70229 Potential Carbon Sequestration Under Bermudagrass Management.

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See more from this Session: Graduate Student Poster Soils
Sunday, February 5, 2012
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Said A. Hamido, Agronomy and Soils, Auburn University, Auburn University, AL, Wes Wood, Auburn University, Auburn University, AL and Elizabeth A. Guertal, Agronomy and Soils, Auburn University, Auburn, AL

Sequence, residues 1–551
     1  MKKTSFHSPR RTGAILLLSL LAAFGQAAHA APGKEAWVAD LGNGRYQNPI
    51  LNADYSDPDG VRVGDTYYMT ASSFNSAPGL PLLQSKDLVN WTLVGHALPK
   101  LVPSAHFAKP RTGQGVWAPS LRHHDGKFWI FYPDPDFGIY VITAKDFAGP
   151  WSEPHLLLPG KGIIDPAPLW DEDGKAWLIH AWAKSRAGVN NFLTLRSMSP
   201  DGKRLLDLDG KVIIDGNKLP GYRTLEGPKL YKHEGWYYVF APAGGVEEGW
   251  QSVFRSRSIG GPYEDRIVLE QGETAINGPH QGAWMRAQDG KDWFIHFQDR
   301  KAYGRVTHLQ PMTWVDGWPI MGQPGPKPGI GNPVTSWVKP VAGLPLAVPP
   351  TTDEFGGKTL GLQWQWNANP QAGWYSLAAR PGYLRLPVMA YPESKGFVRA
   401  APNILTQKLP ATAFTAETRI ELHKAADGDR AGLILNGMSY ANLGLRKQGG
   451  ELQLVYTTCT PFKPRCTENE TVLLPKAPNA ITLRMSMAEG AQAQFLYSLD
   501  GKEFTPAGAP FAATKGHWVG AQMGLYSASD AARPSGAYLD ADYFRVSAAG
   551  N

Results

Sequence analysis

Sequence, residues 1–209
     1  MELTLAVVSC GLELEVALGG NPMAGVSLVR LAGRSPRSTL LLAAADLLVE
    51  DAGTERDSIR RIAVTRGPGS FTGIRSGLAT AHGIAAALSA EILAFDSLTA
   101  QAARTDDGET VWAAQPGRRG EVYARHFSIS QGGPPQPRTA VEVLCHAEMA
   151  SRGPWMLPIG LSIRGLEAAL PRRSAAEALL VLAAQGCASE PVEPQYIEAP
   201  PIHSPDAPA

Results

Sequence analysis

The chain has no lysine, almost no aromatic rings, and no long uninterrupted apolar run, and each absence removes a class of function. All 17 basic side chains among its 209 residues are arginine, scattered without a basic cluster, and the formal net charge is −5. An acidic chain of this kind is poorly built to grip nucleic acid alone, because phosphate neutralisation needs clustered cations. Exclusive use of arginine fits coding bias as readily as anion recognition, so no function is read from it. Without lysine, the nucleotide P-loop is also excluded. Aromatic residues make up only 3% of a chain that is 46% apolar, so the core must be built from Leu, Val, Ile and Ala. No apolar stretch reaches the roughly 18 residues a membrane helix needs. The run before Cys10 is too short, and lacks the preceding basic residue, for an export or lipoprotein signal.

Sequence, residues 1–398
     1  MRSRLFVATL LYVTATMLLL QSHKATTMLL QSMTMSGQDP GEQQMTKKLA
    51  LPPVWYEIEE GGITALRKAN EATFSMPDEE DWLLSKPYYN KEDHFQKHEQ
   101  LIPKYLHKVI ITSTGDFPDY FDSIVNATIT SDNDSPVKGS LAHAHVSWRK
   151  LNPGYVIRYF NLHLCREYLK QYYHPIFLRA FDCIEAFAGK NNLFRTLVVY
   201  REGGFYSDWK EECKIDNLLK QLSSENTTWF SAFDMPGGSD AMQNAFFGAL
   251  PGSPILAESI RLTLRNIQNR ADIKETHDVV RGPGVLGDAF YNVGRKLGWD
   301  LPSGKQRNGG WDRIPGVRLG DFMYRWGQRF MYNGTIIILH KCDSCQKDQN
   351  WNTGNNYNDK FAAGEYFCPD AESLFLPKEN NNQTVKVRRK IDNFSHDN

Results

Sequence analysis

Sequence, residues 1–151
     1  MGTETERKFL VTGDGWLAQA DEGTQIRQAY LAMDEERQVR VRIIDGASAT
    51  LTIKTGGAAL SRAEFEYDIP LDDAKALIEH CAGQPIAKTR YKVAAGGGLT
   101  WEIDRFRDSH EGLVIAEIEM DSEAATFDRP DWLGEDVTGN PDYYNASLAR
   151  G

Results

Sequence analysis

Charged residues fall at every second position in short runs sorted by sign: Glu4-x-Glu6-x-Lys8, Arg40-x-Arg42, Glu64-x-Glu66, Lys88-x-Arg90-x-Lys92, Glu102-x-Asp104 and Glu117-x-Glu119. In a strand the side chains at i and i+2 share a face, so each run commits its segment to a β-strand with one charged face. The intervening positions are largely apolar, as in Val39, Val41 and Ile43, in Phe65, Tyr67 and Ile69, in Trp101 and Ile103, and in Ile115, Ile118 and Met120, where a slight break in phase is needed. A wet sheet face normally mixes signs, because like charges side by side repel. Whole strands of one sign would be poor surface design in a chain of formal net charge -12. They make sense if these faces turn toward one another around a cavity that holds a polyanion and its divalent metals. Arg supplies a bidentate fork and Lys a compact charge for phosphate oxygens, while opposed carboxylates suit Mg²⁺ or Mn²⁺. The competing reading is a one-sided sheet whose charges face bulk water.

Understanding the role of plant ecosystems and underlying soil as a sink or source for carbon (C) on a global scale is necessary for estimating changes in atmospheric CO2 concentration.  Despite its large-scale presence in the urban ecosystem, the role of turfgrass in C cycling has received only limited study, and evaluations in warm-season turfgrasses is lacking.  The objective of this study was to estimate C sequestration in soil as affected by sampling depth and bermudagrass (Cynodon dactylon x C. transvaalensis) nitrogen (N) rate. The experiment was conducted on six-year-old ‘Tifway’ hybrid bermudagrass plots located at the Auburn University Turfgrass Research Unit. The experimental design was a randomized complete block with three replications and four N rates of 24, 49, 98, and 196 kg N ha-1 yr-1. Plots were sampled in summer, with the harvested bermudagrass separated into rhizomes, above ground biomass (verdure), and belowground roots.  Underlying soil samples (0-2.5, 2.5-5, 5-10, 10-20, 20-40, and 40-60 cm) were also collected. Total C and N concentrations were determined on finely ground oven-dried samples by combustion. Results showed an accumulation of organic C in the top 10 cm of the soil profile as N rate increased from 24 to 196 kg N ha-1.